Chicken or Egg: Do you Need a Killer Product or a Solid Marketing Strategy First?
Okay, so you’ve developed a business, and you have an idea for what your product’s going to be. It’s going to take time to develop your product to the level of excellence you desire, so you’re considering getting started with a marketing campaign in the meantime. But then, how can you build a successful marketing campaign without an excellent product to showcase?
The truth is, products and marketing strategies share a mutually dependent relationship, each feeding into the other. Let’s delve into the arguments for and against building a product or marketing strategy first.
The Case for a Killer Product First
There are some advantages in coming up with a great product before attempting any kind of marketing strategy:
· Your unique value proposition (UVP). One of the greatest assets you’ll have for your marketing campaign is your company’s UVP, the single value or benefit your business offers that can’t be matched. If you develop your product first, you’ll know this UVP inherently, and you’ll be able to build a brand around it.
· Word-of-mouth limitations. Even in the digital age, you can’t underestimate the power of word-of-mouth referrals, especially in the context of a marketing campaign. Without a product in circulation when your marketing efforts begin, you’ll fundamentally limit the amount of brand awareness and new customers you can earn here. Getting your product in more hands early on can substantially boost this area of business development.
· First impressions. Let’s assume you’ve gone with a marketing-first, product-later approach. Without a finished product to inform your direction, you’ll be left somewhat vulnerable. Assume you sold a group of customers on an unfinished idea — what do you do then? The possibility of unmet expectations and disappointment is high, and you could easily lose credibility as a brand.
· More material. Once your product is developed, you’ll naturally have more material you can use in your marketing and advertising. Images, video, demos, and trials are all at your disposal — but only if you have a finished product (or at least a beta version). Without that, you’ll be selling people on concepts and ideas alone.
· The customer retention factor. Don’t forget that your marketing and advertising campaigns serve a role for relationships and customer retention just as much as awareness and customer acquisition. Without a product on the market (and current buyers as well), you’ll lose this entire portion of your marketing campaign.
The Case for a Solid Marketing Strategy First
On the other hand, there are some serious advantages to coming up with a running marketing strategy as you’re still developing your product:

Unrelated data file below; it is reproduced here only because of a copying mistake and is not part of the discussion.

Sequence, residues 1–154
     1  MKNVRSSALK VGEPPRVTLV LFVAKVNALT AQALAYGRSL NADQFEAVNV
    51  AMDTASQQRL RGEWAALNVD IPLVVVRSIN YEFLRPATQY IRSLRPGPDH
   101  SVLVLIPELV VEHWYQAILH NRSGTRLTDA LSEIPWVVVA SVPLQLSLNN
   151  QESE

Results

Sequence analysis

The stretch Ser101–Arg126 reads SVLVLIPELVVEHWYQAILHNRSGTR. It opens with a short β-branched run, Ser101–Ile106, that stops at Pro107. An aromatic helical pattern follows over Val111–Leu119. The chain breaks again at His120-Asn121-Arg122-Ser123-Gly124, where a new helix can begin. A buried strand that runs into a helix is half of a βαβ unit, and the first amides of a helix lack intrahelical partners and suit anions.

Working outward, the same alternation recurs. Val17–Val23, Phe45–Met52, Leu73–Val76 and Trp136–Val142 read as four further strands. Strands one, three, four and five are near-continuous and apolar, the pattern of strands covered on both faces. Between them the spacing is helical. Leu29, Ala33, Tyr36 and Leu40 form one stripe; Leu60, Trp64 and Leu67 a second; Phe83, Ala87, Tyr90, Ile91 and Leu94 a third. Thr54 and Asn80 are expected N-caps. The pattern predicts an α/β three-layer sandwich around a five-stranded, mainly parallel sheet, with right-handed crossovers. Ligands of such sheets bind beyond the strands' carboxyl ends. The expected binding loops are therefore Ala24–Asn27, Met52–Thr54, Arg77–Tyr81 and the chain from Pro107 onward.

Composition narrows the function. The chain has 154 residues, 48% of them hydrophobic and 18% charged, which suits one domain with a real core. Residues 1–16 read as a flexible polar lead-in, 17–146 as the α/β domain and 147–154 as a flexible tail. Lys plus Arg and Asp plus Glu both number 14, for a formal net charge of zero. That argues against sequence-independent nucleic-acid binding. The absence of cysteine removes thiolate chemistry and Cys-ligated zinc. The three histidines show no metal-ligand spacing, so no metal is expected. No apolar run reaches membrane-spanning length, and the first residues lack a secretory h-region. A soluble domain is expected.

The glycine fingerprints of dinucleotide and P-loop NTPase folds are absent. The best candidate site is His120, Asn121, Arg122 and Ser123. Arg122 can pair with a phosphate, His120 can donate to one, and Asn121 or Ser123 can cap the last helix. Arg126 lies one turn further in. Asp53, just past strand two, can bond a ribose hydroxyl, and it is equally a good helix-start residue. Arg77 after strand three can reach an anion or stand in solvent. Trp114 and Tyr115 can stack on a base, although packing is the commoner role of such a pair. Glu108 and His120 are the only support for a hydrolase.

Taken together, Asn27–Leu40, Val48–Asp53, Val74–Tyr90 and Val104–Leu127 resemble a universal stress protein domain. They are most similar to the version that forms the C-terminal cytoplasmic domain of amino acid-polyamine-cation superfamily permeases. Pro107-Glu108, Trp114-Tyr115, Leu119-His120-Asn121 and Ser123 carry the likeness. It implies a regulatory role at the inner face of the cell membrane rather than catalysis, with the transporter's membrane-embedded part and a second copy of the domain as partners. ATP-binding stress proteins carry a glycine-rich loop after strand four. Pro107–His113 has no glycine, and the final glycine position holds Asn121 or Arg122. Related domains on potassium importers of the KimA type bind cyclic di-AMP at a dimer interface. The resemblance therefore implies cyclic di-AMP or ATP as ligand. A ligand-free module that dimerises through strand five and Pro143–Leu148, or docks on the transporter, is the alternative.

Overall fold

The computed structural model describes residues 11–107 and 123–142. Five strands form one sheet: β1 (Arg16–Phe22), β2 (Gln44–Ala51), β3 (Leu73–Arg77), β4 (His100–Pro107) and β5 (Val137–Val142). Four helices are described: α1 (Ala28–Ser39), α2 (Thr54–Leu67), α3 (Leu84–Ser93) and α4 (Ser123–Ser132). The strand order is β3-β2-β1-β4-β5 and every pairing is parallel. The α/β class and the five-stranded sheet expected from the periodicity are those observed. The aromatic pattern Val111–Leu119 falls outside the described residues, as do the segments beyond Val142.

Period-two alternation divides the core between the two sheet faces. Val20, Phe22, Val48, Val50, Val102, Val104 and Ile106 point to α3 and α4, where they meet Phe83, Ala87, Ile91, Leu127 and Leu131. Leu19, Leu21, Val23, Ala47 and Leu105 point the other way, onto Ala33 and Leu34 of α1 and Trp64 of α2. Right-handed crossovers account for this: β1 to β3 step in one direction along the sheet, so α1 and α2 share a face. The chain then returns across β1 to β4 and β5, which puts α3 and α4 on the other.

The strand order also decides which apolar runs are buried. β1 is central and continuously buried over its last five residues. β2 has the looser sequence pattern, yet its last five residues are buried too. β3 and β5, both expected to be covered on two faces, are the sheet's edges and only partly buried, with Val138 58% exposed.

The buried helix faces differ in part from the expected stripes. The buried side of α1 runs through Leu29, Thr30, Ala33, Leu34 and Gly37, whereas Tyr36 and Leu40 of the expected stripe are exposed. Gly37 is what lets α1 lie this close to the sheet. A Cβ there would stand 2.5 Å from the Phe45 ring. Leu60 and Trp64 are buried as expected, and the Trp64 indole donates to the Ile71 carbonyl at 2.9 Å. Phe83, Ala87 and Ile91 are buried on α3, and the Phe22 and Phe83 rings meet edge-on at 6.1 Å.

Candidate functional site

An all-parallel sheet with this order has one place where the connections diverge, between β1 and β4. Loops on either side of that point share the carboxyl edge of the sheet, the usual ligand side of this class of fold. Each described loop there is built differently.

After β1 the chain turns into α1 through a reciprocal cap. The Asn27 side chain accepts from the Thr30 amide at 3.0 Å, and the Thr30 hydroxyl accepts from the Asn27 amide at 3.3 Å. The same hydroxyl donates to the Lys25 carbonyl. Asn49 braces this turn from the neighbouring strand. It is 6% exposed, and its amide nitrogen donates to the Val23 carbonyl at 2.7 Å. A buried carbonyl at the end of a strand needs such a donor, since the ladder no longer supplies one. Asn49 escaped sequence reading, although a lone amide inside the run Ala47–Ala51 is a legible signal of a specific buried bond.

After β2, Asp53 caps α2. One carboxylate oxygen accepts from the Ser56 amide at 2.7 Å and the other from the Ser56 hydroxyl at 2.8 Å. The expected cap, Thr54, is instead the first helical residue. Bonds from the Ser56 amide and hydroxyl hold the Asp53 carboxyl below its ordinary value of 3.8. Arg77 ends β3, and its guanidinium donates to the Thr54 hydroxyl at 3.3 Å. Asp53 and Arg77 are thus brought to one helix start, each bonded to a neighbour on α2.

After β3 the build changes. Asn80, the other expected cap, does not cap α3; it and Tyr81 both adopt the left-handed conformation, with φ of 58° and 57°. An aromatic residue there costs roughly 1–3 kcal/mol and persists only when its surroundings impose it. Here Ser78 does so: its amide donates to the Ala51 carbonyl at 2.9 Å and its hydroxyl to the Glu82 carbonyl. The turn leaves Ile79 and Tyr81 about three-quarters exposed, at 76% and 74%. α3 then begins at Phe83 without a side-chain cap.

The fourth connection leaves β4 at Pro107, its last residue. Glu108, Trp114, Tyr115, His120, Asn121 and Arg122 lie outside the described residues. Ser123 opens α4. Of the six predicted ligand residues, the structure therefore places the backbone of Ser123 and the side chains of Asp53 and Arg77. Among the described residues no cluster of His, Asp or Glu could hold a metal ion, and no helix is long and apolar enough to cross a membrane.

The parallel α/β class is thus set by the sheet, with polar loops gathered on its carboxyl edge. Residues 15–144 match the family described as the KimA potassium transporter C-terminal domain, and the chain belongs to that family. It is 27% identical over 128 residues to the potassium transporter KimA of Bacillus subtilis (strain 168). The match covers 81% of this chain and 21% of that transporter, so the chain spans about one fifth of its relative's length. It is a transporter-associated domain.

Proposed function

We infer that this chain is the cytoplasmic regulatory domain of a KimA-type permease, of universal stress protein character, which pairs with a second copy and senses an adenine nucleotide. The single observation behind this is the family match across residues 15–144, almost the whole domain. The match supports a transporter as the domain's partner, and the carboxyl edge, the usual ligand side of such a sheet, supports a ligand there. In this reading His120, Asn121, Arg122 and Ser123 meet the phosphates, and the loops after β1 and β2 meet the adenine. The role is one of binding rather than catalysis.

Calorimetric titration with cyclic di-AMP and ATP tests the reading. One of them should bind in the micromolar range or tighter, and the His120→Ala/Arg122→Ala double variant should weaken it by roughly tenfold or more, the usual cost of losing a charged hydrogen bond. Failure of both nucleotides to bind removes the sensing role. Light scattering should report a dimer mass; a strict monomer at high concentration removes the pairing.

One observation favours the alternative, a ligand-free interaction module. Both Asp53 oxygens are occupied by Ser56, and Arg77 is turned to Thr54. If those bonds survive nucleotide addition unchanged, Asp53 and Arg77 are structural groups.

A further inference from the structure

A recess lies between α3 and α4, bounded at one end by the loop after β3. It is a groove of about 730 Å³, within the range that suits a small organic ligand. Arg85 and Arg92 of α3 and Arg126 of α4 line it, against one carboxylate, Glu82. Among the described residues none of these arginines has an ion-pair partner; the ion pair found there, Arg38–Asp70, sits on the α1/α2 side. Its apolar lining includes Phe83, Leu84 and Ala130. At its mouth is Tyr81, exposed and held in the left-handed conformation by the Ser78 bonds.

· Minimal time waste. It takes a long time to develop a product, especially if you don’t even have a prototype yet. Every month you spend in development is more expenses for your business and no momentum for your brand. Marketing early, before you even have a product, is a way of maximizing the value of your time.
· The self-fulfilling prophecy. Outlining your marketing campaign can actually help you develop your product; when you think about what would be the most appealing angle in a marketing campaign, such as a sneak preview of your functionality, you could actually come up with new features and functions that you can incorporate into your product design.
· Anticipation. Marketing early and often, especially if you include an air of mystique to your methods, can help build anticipation in your key demographics, which you can then grow in subsequent campaigns. It lends a power to your product that will escalate the prominence of your eventual launch.
· Flexibility in spending. Just because you invest in marketing early doesn’t mean you have to invest completely in marketing early on. Instead, you can start off light, and escalate your spending as your product gets closer to final development. There’s a lot of room for flexibility here.
The Bottom Line
Let’s see if we can sort out these advantages and disadvantages and form a conclusion. Since both approaches have advantages over the other, it’s impossible to announce a clear victor, but there are certain circumstances that naturally favor one or the other. Let’s examine these:
· How much time will it take to build your product? This is important for two main reasons. First, the more time it takes to build your product, the more time you’ll potentially waste by not engaging in a marketing campaign. Second, timing the market too late or too early could jeopardize your eventual performance. Consider your timing carefully.
· What is your audience disposition? Think about your target demographics. Are these eager types, always anxious to get their hands on the next big thing? Or are they more passive and patient? Will they lose interest in your product if you start marketing it too soon, or will you be able to build suspense over the long term?
· What marketing strategies are you using? This may be the most important consideration, as different marketing strategies offer different types of returns. For example, paid advertising will start yielding awareness and interest instantly, whereas something like SEO takes months of time to develop. Investing in more long-term strategies is a safer bet for a long product development cycle.
Your business is unique, and it’s going to take a unique approach if you want to see the best results. Consider your position carefully, and invest according to your conclusions.